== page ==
Project: International Security Department

Associate Fellow, International Security

This paper analyses the benefits that countries can draw from joining the UN Arms Trade Treaty (ATT) in terms of reducing the negative consequences of armed violence and promoting sustainable development.

Photo: Albert González Farran, UNAMIDPhoto: Albert González Farran, UNAMID

On 2 April 2013, UN member states adopted the first international legally binding treaty to improve regulations over the trade in conventional arms. The UN Arms Trade Treaty (ATT), in force since December 2014, is a landmark arms control achievement and one with potentially remarkable implications across policy areas. One of the most promising is its possible wider impact on development and the achievement of the Millennium Development Goals (MDGs).

Armed violence or insecurity as well as the impact of weapons on the sustainable improvement of communities have been acknowledged within the development policy as affecting the achievement of each and every developmental goal: the availability, proliferation and excessive accumulation of arms is a contributor to armed violence and a serious impediment to countries’ achievement of the MDGs, including those related to human development, human rights and the protection of civilians. The poorly controlled and illegal arms trade in both conflict and non-conflict settings often leads to increased levels of casualties, forcing people to leave their homes and live under a constant threat of violence. It also has more indirect impacts through the diversion of funds from healthcare to defence, leading to increased unemployment and decreased educational opportunities as a consequence of conflicts and armed violence.

This paper analyses the benefits that countries can draw from joining the ATT in terms of reducing the negative consequences of armed violence and promoting sustainable development. It highlights the treaty’s potential and limitations across policy areas and in cases like Syria, where hypothetically it could have made some difference by affecting countries’ arms transfer decisions, but where it still would not have been able to prevent all the unforeseen implications of the conflict and resulting insecurity.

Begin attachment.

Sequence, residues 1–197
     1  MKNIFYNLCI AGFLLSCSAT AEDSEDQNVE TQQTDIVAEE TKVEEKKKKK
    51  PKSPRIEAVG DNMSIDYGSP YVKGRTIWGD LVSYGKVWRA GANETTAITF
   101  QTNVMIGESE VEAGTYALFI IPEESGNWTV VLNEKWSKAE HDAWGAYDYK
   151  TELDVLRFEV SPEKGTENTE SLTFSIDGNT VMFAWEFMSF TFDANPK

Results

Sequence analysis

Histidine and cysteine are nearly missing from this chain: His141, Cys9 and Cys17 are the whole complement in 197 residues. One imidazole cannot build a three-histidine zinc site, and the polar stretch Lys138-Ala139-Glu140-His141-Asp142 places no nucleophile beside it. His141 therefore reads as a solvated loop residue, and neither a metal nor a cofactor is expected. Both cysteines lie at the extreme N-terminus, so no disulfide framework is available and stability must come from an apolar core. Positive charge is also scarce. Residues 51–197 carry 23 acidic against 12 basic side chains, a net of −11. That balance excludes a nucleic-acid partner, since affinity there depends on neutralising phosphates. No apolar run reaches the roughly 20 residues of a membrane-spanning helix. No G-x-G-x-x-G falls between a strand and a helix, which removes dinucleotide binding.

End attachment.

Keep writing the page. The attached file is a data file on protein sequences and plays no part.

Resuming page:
Developmental concerns are – as suggested by a large and growing body of research – an inherent part of arms transfer decisions that take into account, inter alia, arms embargoes, genocide, crimes against humanity or grave breaches of international humanitarian law (IHL), or serious acts of gender-based violence.

As the first treaty of its kind, the ATT can potentially help states to start making a significant difference in their arms exports and imports to ensure that they are compatible with development goals. For this to be achieved, the ATT needs to gain as close to universal adoption as possible and demonstrate that it can contribute to everyone’s wellbeing, from supporting responsible defence capabilities to protecting vulnerable sections of society against atrocities committed with illegally or irresponsibly traded weapons.

While the ATT should become a tool to prevent irresponsible arms transfers that could foster corruption, insecurity and human rights violations, improved controls should not hinder initiatives enabling states to legitimately address the drivers of insecurity that undermine their chances for development.

The ATT has much to offer to the development agenda, and vice versa. It is in the interest of all states to join the treaty to ensure a safer, more secure and prosperous future for all.

In practice, states considering joining the ATT should:

  • Consider the wider benefits of committing to the established and ever-developing norm promoting transparent and responsible arms transfers over short-term political priorities and economic gains. The ATT, if effectively implemented, will result in a win-win situation for everyone involved, bringing a more stable future for all countries in the world.
  • Take into account the change that has emerged in the past decade towards a more human security-centred approach to the sale of arms: the future will be increasingly determined by international norms, alliances and aspirations. To miss out on the opportunity now might have serious consequences.
  • Consider the whole-of-government approach when considering the beneficial impacts of joining the ATT. In today’s world, the arms trade is not solely a defence issue, nor is it a disarmament imperative. Being able to effectively and comprehensively implement the treaty might open doors for defence cooperation, dual-use technology development, training and development assistance-related funding.
  • Weigh the benefits of overseas development assistance against the short-term economic gains of the arms trade. The ATT has a trust fund to support the development of national regulatory agencies and improved arms transfer controls.
  • Link the benefits of promoting the norm of responsible international arms trading with the achievement of the MDGs and SDGs, mostly in terms of the treaty’s potential contribution to reducing armed violence, but also more generally. This applies to the UN and other international and regional institutions as well as states that consider promoting the future of the MDG agenda as a priority.